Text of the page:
nights," said Kappa Delta Nancy
Stoerher from Pittsburgh, Pa.
Before the sororities recieved their
pledge list, telling which girls had
received bids, sisters were at their houses
anxiously awaiting. Photographers at
CHHS students: growing
By VANESSA WILLIAMS
On weekday mornings, when most
college students are enjoying their last
hour or two of sleep, the high school
students in Chapel Hill are getting ready
for the bus ride to school. Most Chapel
Hill Senior High School students don't
give this any deep thought over their
morning cereal, but they do see the
influence of the University in their high
That influence takes form in academ
ics, athletics and social lives.
"The University promotes intellectu
alism," said Christy Cowan, a junior at
CHHS. "Parents (many of whom are
professors at UNC) are more interested
in a strong academic program," she said.
David Kaplan, also a CHHS junior,
agreed. "There really is a difference. The
parents in the community push our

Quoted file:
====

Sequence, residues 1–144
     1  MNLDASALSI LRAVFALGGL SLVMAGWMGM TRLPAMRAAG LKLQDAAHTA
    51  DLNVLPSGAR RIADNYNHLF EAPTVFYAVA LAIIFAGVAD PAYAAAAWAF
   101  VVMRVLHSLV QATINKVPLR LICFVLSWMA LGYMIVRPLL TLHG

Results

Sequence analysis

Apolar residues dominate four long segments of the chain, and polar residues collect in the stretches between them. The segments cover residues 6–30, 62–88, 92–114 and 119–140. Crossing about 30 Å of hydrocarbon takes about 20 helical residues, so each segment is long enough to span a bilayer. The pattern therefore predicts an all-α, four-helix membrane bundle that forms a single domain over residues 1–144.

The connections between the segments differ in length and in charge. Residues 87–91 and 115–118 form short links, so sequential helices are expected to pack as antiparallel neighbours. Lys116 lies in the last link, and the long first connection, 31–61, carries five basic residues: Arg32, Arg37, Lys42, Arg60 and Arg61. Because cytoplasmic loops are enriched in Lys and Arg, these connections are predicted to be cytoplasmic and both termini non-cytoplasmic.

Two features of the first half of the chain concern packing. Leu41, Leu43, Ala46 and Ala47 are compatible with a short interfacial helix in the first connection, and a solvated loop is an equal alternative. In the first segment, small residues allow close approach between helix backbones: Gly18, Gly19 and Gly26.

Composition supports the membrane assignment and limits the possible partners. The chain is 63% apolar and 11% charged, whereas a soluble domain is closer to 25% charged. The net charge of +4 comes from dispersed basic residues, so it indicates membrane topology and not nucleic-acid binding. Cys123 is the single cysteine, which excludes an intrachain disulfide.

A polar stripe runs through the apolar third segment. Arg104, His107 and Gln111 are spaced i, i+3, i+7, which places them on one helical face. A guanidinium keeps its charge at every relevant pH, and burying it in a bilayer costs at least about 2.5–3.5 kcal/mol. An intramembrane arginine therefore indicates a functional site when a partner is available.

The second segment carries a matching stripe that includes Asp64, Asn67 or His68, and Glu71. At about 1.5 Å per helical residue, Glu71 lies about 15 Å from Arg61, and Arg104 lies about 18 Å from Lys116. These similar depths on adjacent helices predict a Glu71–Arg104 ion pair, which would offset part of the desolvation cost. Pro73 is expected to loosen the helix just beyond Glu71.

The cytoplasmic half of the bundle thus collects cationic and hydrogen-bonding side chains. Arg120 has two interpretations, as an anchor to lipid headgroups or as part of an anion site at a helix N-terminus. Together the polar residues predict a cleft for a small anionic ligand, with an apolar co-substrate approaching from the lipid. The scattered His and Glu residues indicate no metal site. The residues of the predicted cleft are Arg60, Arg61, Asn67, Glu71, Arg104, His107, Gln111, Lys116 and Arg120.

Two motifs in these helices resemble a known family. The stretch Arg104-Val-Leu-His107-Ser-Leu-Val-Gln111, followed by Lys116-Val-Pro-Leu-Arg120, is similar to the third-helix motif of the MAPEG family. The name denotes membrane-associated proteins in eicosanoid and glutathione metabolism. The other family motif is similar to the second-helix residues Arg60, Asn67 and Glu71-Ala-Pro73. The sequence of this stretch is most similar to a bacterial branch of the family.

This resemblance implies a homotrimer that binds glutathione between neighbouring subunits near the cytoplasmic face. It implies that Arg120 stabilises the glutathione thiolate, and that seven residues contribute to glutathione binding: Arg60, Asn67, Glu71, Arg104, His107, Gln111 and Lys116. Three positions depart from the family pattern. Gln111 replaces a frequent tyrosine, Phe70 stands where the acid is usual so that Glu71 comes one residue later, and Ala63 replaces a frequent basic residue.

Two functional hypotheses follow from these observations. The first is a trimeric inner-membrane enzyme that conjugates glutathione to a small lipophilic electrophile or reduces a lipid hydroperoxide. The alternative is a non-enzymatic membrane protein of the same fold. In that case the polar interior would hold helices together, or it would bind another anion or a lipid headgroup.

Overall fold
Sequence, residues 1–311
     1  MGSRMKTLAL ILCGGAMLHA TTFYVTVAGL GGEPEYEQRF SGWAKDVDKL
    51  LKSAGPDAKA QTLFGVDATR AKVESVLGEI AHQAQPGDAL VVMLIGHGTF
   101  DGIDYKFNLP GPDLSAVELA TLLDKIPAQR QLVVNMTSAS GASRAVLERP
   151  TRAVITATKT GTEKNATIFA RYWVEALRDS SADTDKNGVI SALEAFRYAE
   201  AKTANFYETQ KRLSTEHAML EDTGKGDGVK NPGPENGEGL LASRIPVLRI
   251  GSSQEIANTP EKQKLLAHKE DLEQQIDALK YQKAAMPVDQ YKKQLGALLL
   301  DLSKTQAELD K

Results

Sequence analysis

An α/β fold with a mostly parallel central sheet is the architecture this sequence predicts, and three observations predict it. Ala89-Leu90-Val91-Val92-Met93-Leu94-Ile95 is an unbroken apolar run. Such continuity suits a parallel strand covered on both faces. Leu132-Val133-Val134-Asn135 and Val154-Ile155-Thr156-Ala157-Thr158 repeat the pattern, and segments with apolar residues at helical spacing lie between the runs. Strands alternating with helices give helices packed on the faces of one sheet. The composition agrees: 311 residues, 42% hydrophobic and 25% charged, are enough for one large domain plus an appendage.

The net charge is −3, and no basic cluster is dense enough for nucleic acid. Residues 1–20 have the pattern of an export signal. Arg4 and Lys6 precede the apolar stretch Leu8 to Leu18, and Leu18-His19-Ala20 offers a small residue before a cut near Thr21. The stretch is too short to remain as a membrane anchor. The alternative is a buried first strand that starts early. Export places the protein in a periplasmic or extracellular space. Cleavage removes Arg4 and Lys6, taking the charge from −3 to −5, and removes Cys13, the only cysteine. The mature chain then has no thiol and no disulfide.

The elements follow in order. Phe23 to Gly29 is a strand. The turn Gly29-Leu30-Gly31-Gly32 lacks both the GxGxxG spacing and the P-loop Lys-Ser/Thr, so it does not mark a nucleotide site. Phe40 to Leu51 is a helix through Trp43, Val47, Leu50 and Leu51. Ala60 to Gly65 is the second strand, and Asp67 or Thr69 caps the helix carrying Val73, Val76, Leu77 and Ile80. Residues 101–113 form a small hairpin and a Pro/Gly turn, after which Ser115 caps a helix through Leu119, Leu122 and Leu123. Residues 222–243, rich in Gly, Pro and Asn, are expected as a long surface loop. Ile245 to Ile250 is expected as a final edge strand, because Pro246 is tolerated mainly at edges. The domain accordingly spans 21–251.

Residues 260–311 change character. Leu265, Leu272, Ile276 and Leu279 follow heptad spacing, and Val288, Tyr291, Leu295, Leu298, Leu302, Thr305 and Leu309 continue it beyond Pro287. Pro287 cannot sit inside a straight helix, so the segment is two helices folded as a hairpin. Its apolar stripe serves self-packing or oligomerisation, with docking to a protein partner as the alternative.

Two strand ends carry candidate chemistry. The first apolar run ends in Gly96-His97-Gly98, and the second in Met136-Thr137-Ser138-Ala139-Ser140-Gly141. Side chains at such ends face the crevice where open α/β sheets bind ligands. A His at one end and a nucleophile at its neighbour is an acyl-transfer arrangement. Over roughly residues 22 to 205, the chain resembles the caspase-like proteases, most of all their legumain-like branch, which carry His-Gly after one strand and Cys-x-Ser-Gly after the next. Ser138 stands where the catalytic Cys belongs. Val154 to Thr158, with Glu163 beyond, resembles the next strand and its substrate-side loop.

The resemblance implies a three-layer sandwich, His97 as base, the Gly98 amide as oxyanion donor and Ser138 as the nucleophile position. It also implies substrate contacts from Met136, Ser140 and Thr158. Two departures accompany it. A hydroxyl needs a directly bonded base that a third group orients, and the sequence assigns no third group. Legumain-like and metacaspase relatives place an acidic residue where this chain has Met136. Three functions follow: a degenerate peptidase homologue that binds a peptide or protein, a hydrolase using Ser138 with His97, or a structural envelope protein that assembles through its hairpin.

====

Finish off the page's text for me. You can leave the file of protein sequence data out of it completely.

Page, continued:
standards higher than at other high
schools," he said.
UNC defended the goal well against
Ritchie and freshman Tommy
"Down 1-0, USC continued to dom
inate, and Dorrance was heard telling
a midfield substitute, "They're kind of
walking through us."
But at 39:44 Ritchi scored his third
goal of the season on a header off a
Reid Storch cross. And when freshman
Paul Lalor banged in a loose ball off
another long chip into the goal area with
only 53 seconds left in the half, UNC
had escaped with a 3-0 lead.
In the second half, the Tar Heels
dominated the play and also the scoring
and rolled to the 6-1 decision.
The three second- half UNC goals
fall sorority rush
almost every house were taking pictures
of the sisters
When the Kappa Delta house finally
received their pledge list, it was pan
demonium. As the names of the pledges
were called out, the sisters screamed and
yelled. "I'm so excited she got in," some
exclaimed; "I can't believe it" was
common to all houses.
The partying then continued as the
sisters waited for the pledges to arrive.
Some had flowers to give their little
sisters while others had new sorority
shirts. When the pledges arrived, it was
chaos once again. "I'm speechless," said
Tyler Stuart about her bid from Delta
Delta Delta, Stuart, a junior transfer
from Gastonia, said rushing was the
perfect way to meet people.
Mary Howe, a freshman from Cin
cinnati, pledged the sorority of her
sister. Barbie. "My sister wasn't the
reason I pledged Pi Beta Phi," she said.
The resources of the University are
open, in some cases, to high school
students. Those who have finished the
upper-level courses at the high school